Many others I have spoken to in my circle of acquaintances (and let me clarify here that I’m referring mostly to educated, urban Indians in well-paid jobs) dismissed these incidents as collateral damage in electoral politics. Historians like DN Jha (link) and Aparna Vaidik (link) have shown that this is nothing new; cow protection has been an important aspect of pastoral lives but beef eating and cow slaughter have long been sensitive issues, used cleverly by politicians and monarchs to appease certain communities and demonize others. The people who were doing the shrugging seemed to regard themselves as distanced from these ground level politics, while those who felt disturbed imagined that this particular brand of politics, previously at a distance, was now poised to invade their relatively peaceful and protected lives.
Dealing with a climate of fear
Whatever situation you find yourself in, there is a palpable sense of fear that is forcing many of us to take sides. The climate of fear is urging many educated Hindus who have previously regarded their religion as a matter of private belief, separate from their public lives, to acknowledge that their sense of security stems from their ‘Hinduness’. Aware that their actions and words are being judged for how Hindu they are, this is a group that is now deliberate in what they say or do. They are sandwiched between what they are and what they want to project of themselves. They are struggling with the morality they practice and the moral code that is slowly being imposed on us.
Educated non-Hindus too, make a choice. The blending of many religions into the broader umbrella of Hindutva is an obvious strategy of the right wing forces and I truly wonder how cognizant practitioners of these faiths are of this inexorable sucking in of non-controversial faiths into the big umbrella of Hindu belief. For educated Muslims, keeping fear at bay must be a very very deliberate and difficult process. Those who are promoting this atmosphere of hatred must also take responsibility for the growing radicalization of educated Muslim youth in India, and the increased threat of terrorism that our country faces as a result.
The educated Indian is an unfair target
Then there are the die-hard liberals (and I refuse to stigmatize that word), who genuinely believe in the diversity and pluralism of India, who support the idea of choice and who are suspicious of a majoritarian view. I would call them idealists. These are the people for whom hope is an important word at this time. For they seem to be the true targets of this new brand of aggressive Hinduism we see around us. Devdutt Patnaik acknowledges this when he calls the discourse around beef-eating a “symbolic attack on the ‘educated Indian’ who did not stand up for Hinduism in the international arena” (link).
To me, this is a baffling situation. How does PM Modi expect industrialization (Make in India), technological growth (Digital India) or urban investments (Smart Cities Mission) that will catalyze India’s economic growth to happen without the contribution of the educated Indian? Is he supporting the atmosphere of fear expecting that educated Indians have no choice but to accept the hegemony of a dominant Hinduism and carry on with the productive lives they lead? Does he not realize that an atmosphere of fear, violence and suspicion works counter to one of productivity, innovation and entrepreneurship?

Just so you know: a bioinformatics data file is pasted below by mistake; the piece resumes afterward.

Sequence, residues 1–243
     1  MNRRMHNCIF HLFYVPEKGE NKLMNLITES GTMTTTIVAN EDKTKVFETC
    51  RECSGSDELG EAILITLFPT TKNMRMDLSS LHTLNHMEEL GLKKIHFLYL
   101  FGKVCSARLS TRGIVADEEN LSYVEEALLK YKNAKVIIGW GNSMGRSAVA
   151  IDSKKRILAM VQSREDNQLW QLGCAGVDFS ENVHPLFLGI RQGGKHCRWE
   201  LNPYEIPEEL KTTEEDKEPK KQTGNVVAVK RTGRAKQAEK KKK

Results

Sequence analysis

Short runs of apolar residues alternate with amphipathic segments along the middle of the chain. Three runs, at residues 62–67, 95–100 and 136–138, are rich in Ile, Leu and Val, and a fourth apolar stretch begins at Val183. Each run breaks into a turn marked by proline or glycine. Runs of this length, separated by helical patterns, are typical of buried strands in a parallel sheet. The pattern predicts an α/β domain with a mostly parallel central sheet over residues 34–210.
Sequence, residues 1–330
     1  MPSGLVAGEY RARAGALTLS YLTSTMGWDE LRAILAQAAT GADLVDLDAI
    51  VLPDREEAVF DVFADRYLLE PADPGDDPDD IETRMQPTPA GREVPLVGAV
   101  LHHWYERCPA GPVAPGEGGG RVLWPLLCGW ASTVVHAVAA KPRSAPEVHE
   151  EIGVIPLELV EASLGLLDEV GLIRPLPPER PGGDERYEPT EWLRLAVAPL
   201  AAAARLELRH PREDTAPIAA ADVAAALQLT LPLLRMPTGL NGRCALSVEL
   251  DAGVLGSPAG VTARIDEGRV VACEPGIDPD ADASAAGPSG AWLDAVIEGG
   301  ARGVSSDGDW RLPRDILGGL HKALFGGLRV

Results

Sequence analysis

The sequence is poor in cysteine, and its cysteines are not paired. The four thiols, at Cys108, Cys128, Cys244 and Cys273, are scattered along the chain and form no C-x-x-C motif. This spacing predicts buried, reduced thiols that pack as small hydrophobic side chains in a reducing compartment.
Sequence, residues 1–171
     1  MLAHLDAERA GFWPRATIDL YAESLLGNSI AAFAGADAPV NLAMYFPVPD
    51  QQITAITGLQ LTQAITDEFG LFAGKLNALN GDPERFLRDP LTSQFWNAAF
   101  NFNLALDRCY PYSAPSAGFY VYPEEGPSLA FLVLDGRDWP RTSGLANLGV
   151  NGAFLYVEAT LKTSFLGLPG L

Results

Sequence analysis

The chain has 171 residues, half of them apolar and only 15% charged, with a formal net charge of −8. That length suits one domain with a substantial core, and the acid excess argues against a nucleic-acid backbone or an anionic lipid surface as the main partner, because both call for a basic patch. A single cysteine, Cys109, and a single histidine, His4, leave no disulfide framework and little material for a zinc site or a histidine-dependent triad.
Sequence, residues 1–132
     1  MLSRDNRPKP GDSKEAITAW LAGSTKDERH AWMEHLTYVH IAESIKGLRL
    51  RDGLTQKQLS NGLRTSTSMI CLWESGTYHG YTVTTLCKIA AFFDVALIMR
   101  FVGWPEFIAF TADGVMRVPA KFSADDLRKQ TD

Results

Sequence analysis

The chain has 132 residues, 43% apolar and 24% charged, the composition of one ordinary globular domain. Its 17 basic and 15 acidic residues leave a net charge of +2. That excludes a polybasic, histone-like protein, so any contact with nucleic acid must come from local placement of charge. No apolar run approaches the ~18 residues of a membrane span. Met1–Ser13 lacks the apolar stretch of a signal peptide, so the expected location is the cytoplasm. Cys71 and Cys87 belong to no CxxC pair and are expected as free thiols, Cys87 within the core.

No place for fear and parochialism in India’s transformation
For in becoming educated and urban (by default it would seem), it is true that we (and I speak collectively here, as a nation and a community) move a teeny weeny bit out of the stronghold of family, religion, clan and caste. In becoming educated and living in a place of multiple and varied influences (ergo, the city), we do begin to acknowledge and even appreciate the tastes, the expressions of those unlike us. We develop some tolerance, we learn to prioritize actions that take us forward over those and re-negotiate the older codes of religion, caste or clan so they can serve us better. It is in this process of self-discovery and prioritization, in the journey between what we were and what we want to be, that we take risks and contribute the most to the world around us.
At this time, India’s economic objectives seem to be hinged around the expectation the above journey will be one of hope and success. The atmosphere of fear I wrote about above, is a bid to re-focus the core of our identities away from our education and expanding minds inward to a place of fear, bigotry and parochialism. The atmosphere of fear is putting in jeopardy everything that our nation has worked very hard for, including the eradication of poverty and child malnutrition and the provision of decent living standards for all Indians. As Kalpana Sharma points out (link), it’s not just religious minorities but women too, who are becoming targets of a deeply vicious misogynistic moral code. Do we want our young people to become the skilled workforce (ref: Skill India Initiative) that will help India leverage its demographic dividend, or would we rather they lynch a beef eater or strip a woman who dared defy convention? What kind of economic growth will a nation of fighting, insular people achieve?
This is an appeal to all educated Indians. Let us not be silent and accept the blame for something we are not ashamed of. Why should we be ashamed of focusing our energies on studying, learning skills and deploying them for the betterment of ourselves and our country? Certainly not! We need to recognize the terrible impacts this atmosphere of fear and hatred will have on ourselves, our children and our nation. We need to petition the government to contain this. If we do not speak out and take action, we will have no choice but to toe the line, or leave the country.